Catherine Kautsky watches as sophomore Jasmine Maller plays the piano during a teaching session.
Catherine Kautsky hosts a video series, Great Piano Works Explained, released this fall as part of The Great Courses.

Catherine Kautsky wants you to share her love for the world’s great piano works.

Perhaps not with the mastery she brings to the piano—she has, after all, played on grand stages all over the world and been lauded by the New York Times for her keyboard skills—but with the passion for and intellectual curiosity about what makes the greatest works stand out and endure.

Kautsky, the George and Marjorie Olsen Chandler Professor of Music and chair of the Keyboard Department in the Lawrence Conservatory of Music, just delivered on a 24-part recording in The Great Courses series titled, Great Piano Works Explained. In it, she plays works from the greats—Bach to the modern day—while discussing how the music came to be.

Available on DVD (five discs) or by digital streaming or audible book, Great Piano Works Explained was released by Wondrium in October. For Kautsky, it was a two-year passion project.

“I felt unbelievably lucky to have done this,” she said. “Twenty-four videos is a lot, and I really felt like I got to say so many things that I wanted to say and play so much of the music that I love.”

Catherine Kautsky works with piano student Jasmine Maller during a teaching session..
Catherine Kautsky works with sophomore Jasmine Maller during a teaching session in mid-November. (Photo by Danny Damiani)

Kautsky taught at Lawrence from 1987 to 2002 and then rejoined the faculty in 2008. She is among the brilliant and accomplished musicians on today’s Conservatory faculty, and this recording project was a chance to celebrate the music that has most defined her professional life.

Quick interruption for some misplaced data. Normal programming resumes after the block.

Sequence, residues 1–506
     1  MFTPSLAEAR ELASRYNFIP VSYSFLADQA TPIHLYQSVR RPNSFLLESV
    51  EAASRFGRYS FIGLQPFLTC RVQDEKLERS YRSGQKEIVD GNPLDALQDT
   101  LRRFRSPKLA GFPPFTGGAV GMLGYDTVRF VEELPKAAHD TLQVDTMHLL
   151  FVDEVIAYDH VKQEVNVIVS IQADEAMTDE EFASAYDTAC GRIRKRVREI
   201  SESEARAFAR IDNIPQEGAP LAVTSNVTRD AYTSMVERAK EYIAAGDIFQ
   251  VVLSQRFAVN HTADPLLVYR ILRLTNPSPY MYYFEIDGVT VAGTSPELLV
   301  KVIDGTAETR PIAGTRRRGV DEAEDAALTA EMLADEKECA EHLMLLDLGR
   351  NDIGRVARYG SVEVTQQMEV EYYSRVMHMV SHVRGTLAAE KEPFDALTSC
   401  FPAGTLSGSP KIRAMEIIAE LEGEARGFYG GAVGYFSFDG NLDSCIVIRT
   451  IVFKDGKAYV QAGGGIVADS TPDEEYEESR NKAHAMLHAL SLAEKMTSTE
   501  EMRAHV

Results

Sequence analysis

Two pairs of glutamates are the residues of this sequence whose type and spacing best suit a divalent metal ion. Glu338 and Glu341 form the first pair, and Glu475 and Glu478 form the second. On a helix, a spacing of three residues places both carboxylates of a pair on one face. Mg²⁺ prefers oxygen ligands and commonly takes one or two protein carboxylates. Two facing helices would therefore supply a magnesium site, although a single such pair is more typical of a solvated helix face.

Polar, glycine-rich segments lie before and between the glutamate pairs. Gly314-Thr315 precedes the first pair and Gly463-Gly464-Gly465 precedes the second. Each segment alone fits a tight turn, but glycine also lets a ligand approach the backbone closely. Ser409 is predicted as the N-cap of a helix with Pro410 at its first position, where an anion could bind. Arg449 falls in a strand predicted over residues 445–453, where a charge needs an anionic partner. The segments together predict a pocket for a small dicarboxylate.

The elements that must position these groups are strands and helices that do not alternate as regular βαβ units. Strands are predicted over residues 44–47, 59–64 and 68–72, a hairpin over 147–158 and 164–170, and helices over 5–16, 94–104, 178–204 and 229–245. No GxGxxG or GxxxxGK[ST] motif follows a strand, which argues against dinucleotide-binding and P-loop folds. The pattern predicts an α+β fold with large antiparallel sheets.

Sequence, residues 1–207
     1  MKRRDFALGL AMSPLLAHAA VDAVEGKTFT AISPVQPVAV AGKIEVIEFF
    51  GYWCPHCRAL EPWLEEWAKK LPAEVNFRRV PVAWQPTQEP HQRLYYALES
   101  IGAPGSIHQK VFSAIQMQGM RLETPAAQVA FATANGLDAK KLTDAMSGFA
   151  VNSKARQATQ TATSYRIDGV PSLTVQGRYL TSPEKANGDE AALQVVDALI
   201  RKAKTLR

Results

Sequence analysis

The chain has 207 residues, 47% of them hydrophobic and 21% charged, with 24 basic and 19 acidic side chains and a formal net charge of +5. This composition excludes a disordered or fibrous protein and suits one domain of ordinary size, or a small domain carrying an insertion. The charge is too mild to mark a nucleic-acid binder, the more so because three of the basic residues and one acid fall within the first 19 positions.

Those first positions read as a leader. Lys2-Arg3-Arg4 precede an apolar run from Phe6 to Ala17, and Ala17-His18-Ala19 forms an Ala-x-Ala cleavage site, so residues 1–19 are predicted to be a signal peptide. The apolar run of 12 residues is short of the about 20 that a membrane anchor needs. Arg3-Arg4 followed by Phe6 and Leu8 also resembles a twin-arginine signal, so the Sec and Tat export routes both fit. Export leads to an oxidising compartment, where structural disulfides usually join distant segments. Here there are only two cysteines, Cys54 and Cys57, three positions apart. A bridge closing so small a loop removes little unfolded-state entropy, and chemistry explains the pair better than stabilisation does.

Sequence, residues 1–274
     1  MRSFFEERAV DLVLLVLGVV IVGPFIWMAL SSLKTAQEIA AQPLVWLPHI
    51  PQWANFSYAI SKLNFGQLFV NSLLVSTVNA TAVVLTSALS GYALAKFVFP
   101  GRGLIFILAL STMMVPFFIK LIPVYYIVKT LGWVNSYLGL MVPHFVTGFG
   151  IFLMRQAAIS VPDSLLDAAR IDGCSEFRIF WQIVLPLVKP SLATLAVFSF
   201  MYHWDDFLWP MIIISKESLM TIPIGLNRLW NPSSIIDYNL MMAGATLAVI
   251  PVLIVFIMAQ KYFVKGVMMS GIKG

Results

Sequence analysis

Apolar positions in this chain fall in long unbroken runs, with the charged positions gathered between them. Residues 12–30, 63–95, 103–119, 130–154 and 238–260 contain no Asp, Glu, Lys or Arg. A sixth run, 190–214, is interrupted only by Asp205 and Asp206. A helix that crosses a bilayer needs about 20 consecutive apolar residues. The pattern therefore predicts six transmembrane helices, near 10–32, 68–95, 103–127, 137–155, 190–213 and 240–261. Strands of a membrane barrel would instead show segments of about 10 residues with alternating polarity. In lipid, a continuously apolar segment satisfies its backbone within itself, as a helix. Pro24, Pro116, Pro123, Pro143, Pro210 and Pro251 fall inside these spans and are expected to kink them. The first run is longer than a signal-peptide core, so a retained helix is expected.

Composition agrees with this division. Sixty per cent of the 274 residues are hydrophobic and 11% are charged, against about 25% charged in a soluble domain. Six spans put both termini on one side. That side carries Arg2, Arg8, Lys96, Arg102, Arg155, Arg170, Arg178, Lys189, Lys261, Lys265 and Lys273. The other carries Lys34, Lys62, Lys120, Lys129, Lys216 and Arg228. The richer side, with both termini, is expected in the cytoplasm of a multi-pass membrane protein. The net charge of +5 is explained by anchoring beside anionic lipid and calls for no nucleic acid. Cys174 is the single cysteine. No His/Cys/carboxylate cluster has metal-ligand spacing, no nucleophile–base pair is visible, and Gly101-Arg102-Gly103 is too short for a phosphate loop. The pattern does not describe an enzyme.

Great Piano Works Explained is geared toward fans of classical music who want a better understanding of the music.

“The hope is to bring other people in,” Kautsky said. “Maybe even people who didn’t know they particularly liked classical music, but they bought it because it sounded interesting. And hopefully it gets them engaged.”

The videos take the viewer through the works of Bach, Haydn, Mozart, and Beethoven, through Chopin, Brahms, Liszt, and the rise of Russian pianists, and into more contemporary artists, including composers from marginalized communities. Kautsky talks through each piece as she plays.

“It was hard and there was a lot of pressure to get it done, but it also felt like this unbelievable gift to get to do this,” Kautsky said. “You don’t usually get a chance to say, ‘this is what’s mattered the most to me in my life.’”

Online reviews for the series have been glowing. “I deeply appreciate Dr. Kautsky’s warmth, humor, and accessibility, and the way she somehow manages to imbue her ‘lectures’ with great humanity,” reads one. “I have never had any training in music theory, nor do I even play the piano; Professor Kautsky is helping me understand the tools the great composers have used to build their masterpieces and what makes their handling of those tools so remarkable,” reads another. “Her quiet, gentle teaching style and authentic love of the piano lend to the best lectures I have ever had,” says another.

Information on Great Piano Works Explained can be found at Wondrium. Ordering information can be found at (Lawrentians are invited to reach out to Kautsky at for a discount code.)